We understand if you’re a bit confused about the difference between organic and non-organic food. It can be confusing trying to decipher what the labels mean – and don’t mean.

So we’ve put together a short primer that helps you compare side-by-side the differences between organically grown/raised food and conventionally raised/grown food. Take a look below.

Basically, crops designated as organic in the U.S. have to be grown/raised without using bioengineered genes (also known as GMOs), fertilizers that are petroleum-based or sewage sludge-based, and without using synthetic pesticides. (Notice that non-synthetic pesticides are allowed. Also understand that certain synthetic pesticides are allowed.)

Livestock raised to produce dairy products, eggs and meat are required to have access to the outdoors and must be fed organic feed. They also can’t be given growth hormones, any animal by-products and antibiotics in order to be labeled organically raised.

Here’s a short, visual breakdown for you:


Comparing Organic vs. Non-Organic Foods
Organic Meat, Dairy and Eggs Non-Organic Meat, Dairy and Eggs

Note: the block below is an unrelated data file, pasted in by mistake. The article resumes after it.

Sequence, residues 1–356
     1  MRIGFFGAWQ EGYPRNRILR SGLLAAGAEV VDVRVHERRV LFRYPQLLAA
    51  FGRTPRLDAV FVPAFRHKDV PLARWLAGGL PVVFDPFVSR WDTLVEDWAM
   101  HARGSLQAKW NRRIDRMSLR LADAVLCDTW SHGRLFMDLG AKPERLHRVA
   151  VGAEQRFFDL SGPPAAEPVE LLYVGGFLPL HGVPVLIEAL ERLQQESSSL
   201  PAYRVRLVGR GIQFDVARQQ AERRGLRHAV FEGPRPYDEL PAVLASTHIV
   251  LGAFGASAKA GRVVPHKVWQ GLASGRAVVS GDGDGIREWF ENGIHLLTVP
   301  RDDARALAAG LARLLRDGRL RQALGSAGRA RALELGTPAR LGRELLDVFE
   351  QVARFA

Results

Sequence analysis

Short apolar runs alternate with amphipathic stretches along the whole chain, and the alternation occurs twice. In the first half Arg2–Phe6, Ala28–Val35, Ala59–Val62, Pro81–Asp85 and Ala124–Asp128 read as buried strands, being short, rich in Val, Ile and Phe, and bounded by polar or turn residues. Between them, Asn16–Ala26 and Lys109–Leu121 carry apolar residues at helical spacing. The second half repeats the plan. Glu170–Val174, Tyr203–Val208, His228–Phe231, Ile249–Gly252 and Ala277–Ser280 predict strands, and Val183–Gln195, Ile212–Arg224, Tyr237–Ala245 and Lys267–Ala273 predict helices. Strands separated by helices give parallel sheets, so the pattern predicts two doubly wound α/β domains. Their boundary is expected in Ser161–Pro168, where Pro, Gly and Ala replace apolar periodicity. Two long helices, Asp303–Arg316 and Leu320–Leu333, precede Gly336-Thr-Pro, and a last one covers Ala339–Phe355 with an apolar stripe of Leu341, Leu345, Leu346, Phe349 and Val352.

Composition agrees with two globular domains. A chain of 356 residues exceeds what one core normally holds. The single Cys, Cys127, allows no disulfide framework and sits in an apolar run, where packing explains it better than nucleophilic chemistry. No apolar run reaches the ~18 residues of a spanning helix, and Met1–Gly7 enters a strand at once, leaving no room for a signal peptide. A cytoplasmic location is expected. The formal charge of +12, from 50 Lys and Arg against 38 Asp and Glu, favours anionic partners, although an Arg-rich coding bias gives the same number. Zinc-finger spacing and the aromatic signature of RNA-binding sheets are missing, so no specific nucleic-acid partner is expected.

Livestock receive organic, hormone- and GMO-free feed. Animals receive growth hormones so that they grow bigger faster. Farmers also can give them GMO, non-organic feed.
Animals must have access to the outdoors. Livestock aren’t required to have access to the outdoors.
Farmers prevent disease by using natural methods such as rotational grazing, clean shelter and a healthy diet. Farmers control disease by using antibiotics and medications.
Organic Produce Non-Organic Produce
Farmers control weeds naturally by such methods as hand weeding, tilling, mulching, and crop rotation. Farmers control weeds using chemical/synthetic herbicides.
Produce is grown with natural fertilizers such as compost and manure. Farmers grow produce with chemical or synthetic fertilizers.
Farmers keep pests at bay by using such natural methods as insects, birds, traps, and either natural pesticides or the only few synthetic pesticides approved for organic farming. Farmers control pests by using synthetic pesticides.


When it comes to buying organic food, it’s best to buy fruits and vegetables in season as they are freshest then (particularly if you make a point of buying only from local farmers). In-season produce also tends to be considerably less expensive than if purchased off-season.

Understand that just because a food item is labeled organic doesn’t mean it’s healthy for you. A food item that’s high in sugar, salt, calories, fat can still mean a dessert or other foodstuff isn’t always healthy for you. Read the label!